Final word

We’ll end this blog with a final word from ICON’s Dr Suzanne Smith about her team’s aims:

Our hope is that, by providing more parents and carers with the information about coping with crying and also by raising awareness of the dangers of shaking a baby, more people will recognise what is happening when they start to lose control, will remember the ICON message, and will walk away and calm down.

Key dos and don’ts when coping with a crying baby:


  • Remember that all babies cry, as their means of communicating with the world
  • Listen and observe, to help understand what might be causing her to cry
  • Take safe, sensible steps to calm down when you need to do so.  Put baby in a safe place (e.g. her cot) and take yourself to another room for a few minutes
  • Remember that you cannot ‘spoil’ baby by offering her cuddles and comfort when she is crying.  They will often be the best way of soothing her and stopping her crying


  • Get cross or angry with baby for crying – shouting at her will only upset her more
  • EVER shake your baby – this could cause serious, long-lasting injury, or even death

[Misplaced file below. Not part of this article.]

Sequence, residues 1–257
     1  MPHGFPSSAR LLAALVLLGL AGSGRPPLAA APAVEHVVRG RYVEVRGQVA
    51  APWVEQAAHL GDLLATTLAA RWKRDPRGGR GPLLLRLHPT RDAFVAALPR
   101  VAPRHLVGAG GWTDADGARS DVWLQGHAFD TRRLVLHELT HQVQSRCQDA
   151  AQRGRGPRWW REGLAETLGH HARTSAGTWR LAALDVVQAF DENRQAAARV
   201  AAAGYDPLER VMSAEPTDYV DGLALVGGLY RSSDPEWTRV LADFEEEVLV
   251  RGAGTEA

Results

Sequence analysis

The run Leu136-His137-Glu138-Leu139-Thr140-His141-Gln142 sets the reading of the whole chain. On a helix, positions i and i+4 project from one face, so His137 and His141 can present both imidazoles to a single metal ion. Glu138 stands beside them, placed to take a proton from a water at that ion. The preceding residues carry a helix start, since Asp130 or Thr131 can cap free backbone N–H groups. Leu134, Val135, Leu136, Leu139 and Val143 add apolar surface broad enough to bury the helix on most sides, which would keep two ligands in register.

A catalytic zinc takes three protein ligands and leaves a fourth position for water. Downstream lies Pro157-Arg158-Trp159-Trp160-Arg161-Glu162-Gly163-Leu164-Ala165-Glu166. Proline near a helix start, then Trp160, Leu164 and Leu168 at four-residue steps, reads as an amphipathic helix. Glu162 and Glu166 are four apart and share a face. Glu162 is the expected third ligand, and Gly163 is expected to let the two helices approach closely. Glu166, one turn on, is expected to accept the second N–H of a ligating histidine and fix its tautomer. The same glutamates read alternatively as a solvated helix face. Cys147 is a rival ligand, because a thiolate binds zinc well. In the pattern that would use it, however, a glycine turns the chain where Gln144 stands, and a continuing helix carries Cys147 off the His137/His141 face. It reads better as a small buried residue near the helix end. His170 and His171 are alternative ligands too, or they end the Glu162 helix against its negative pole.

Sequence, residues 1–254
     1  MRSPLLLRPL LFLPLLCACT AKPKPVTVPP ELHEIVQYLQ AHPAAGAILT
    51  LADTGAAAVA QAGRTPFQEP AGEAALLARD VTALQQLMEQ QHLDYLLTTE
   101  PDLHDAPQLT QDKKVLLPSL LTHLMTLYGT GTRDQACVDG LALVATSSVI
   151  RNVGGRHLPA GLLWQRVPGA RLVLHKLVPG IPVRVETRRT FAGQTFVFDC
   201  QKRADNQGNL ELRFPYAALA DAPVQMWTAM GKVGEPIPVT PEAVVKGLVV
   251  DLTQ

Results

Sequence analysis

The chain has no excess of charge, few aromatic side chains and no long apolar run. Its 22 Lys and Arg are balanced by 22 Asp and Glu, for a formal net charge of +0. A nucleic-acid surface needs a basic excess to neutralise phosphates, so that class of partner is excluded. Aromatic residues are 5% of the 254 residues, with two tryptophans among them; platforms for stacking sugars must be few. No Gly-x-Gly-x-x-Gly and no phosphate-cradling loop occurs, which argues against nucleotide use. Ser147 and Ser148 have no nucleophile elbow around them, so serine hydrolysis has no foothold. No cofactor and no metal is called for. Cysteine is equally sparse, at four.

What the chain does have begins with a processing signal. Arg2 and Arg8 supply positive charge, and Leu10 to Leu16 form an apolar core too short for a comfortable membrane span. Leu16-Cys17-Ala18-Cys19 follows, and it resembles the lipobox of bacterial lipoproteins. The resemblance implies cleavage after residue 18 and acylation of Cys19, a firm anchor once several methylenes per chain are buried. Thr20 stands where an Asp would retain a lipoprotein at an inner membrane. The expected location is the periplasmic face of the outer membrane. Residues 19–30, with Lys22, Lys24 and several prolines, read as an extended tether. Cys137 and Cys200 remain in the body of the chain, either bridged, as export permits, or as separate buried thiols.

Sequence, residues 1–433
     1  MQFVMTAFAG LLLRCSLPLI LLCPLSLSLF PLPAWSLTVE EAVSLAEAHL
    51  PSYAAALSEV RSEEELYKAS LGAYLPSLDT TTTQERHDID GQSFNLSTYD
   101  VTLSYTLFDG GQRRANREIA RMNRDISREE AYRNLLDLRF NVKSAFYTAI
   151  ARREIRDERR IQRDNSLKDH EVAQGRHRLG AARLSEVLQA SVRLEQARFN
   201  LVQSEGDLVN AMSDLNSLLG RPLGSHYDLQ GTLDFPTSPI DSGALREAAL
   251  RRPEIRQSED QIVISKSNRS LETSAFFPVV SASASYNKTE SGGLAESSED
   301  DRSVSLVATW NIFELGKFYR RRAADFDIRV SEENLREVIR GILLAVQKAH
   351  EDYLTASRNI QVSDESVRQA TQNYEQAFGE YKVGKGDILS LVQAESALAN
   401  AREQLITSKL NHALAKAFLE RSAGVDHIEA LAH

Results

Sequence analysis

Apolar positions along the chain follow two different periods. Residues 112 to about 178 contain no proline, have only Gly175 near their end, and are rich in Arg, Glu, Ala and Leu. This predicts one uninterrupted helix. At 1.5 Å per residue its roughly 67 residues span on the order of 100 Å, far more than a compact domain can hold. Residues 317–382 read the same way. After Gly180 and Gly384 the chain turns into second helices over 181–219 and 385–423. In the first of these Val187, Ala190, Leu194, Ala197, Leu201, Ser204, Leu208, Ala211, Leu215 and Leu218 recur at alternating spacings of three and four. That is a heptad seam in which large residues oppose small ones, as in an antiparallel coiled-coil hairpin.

• Be afraid to ask for help – speak to someone you trust for help and advice.  Your Health Visitor is a great place to start.
  • Ignore a cry of pain, or where you feel that something really is wrong with baby.  Parental instinct is usually right – seek immediate help if you feel that baby is poorly.


Links to useful resources:

As well as providing advice on coping with crying on their website, CRY-SIS also operate a telephone helpline, from 9.00am-10.00pm, seven days a week (08451 228669).

The ICON Cope webpage sets out key advice and information for new parents struggling to cope with their crying baby.  Their parents’ advice webpage contains links to short YouTube videos with ideas on ways to cope, to keep calm and to relax.

The British Association of Anger Management‘s website includes lots of useful information, podcasts and blog posts on anger and anger management, as well as free online tests.

The NHS Anger webpage also includes lots of useful information on symptoms of anger, key dos and don’ts, and a mood self-assessment.

Finally, the Mind mental health charity website has a page dedicated to anger and anger management, including sources of support for those who feel that they may need additional help with their anger problems.



References and Further Reading:

The Child Safeguarding Practice Review Panel (2021). “The Myth of Invisible Men” – Safeguarding children under 1 from non-accidental injury caused by male carers. [online]

Jones, Kim (2020). Hampshire ICON Evaluation Report 1 year on. Hampshire Safeguarding Children Partnership/NHS West Hampshire Clinical Commissioning Group. [online]

DadPad blog post (Jun 2020). Ask DadPad: How do I care for my baby?

DadPad blog post (Oct 2020). Q&A: Dr Suzanne Smith from ICON

DadPad blog post (Dec 2020). Ask DadPad: How do I keep calm?!

DadPad blog post (Mar 2021). Ask DadPad: How do I keep my baby safe while they sleep?